Republicans went into Tuesday’s primaries with problems lurking all over the ballot, but they ended the night thanking their voters for cleaning up a potential mess.
Democrats haven’t won a Senate race in Kansas in more than 80 years, but Kris Kobach as the GOP nominee threatened to make the state an improbable toss-up. Instead, Rep. Roger Marshall won the primary, giving the GOP a much more electable candidate to go up against a strong Democratic recruit.
In one of Kansas’ key congressional districts, indicted Rep. Steve Watkins was looking like a juicy target for House Democrats — but they won’t get the chance to run against him after state Treasurer Jake LaTurner ousted the freshman in a primary, boosting Republican chances of keeping the seat.
These weren’t just symbolic victories for the GOP establishment but ones that fundamentally boosted their chances in November, including their chances of keeping the Senate in Republican hands after watching their grip on the chamber weaken for months.
Meanwhile, Democrat Cori Bush’s primary win over Rep. Lacy Clay in St. Louis signaled the battle between the Democratic establishment and liberal outsiders has reached a new level: one in which even popular, progressive Black leaders are not immune from challenge.
Here are five takeaways from Tuesday’s primaries in Arizona, Kansas, Michigan, Missouri and Washington:
Republicans stopped Kobach — without Trump’s help
All the ingredients were there for a GOP disaster.
There was a split, 11-candidate field with no dominant frontrunner. A controversial candidate in Kobach who won a seven-way gubernatorial primary two years earlier, only to blow it in the general election. Democratic meddling in the form of $5 million in TV ads that trashed Marshall and boosted Kobach.
And President Donald Trump — who aligns with Kobach on immigration and voting restrictions and endorsed him for governor the day before the 2018 primary — was sitting on the sidelines when a simple tweet could have swung the primary.
Instead, Marshall and his allies told Kansas Republicans they couldn’t afford to take another chance on Kobach, and they listened. When the night ended, Marshall had 40 percent of the vote, easily turning aside Kobach and the rest of the field.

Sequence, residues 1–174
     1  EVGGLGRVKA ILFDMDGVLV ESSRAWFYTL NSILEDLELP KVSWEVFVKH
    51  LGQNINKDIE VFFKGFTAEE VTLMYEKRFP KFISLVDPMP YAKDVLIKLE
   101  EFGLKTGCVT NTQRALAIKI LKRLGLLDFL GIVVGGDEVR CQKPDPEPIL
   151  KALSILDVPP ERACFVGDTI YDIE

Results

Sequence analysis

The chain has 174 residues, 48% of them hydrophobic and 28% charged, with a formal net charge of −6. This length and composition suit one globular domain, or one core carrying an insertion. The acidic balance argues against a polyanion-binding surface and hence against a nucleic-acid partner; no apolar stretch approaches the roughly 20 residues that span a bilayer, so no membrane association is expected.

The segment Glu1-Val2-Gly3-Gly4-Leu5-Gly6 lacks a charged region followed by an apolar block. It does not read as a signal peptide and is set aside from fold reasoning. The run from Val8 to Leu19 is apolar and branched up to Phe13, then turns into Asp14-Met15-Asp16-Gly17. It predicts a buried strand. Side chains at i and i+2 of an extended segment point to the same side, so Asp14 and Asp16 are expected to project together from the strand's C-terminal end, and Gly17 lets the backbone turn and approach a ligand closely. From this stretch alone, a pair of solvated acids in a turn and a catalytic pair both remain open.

Democrats say they can still contest the race with state Sen. Barbara Bollier, who was until recently a Republican, as their candidate. Bollier fits the mold of disaffected Kansas GOP voters — especially in Johnson County, outside of Kansas City — who have drifted from the party after the excesses of Trump, Kobach and former Gov. Sam Brownback.
According to private polling, Trump’s numbers in Kansas have softened, and Republicans can’t take the seat for granted even after Marshall’s victory. But it would undoubtedly have been a much bigger headache with Kobach as the nominee.
Watkins is one-and-done
Even before Watkins narrowly defeated Democrat Paul Davis by 1 point to win his seat in 2018, some Republicans were plotting to defeat him in the 2020 primary.
Watkins won a seven-candidate primary two years ago with just 27 percent of the vote, a weak result that left him vulnerable to an intra-party challenge. There were questions about his personal life, along with some shady campaign finance tricks to push him across the finish line in November, including a super PAC funded by his father.
The news only got worse when he joined Congress. There was a Federal Election Commission investigation into his father’s alleged straw donations. And three weeks before the primary, Watkins was charged with felony voter fraud for listing a UPS Store as his home address on his voter-registration form.
It all became too much for Watkins to overcome. He only won about a third of the primary vote — about 15 points behind LaTurner.
LaTurner’s victory was a two-fer for Republicans: Not only did he rid them of Watkins and likely give the party a stronger candidate to keep the Topeka-area seat in GOP hands, LaTurner was originally running for Senate, where he threatened to split the anti-Kobach vote even further before jumping into the House race.
Bush marks a new era in progressive primary challenges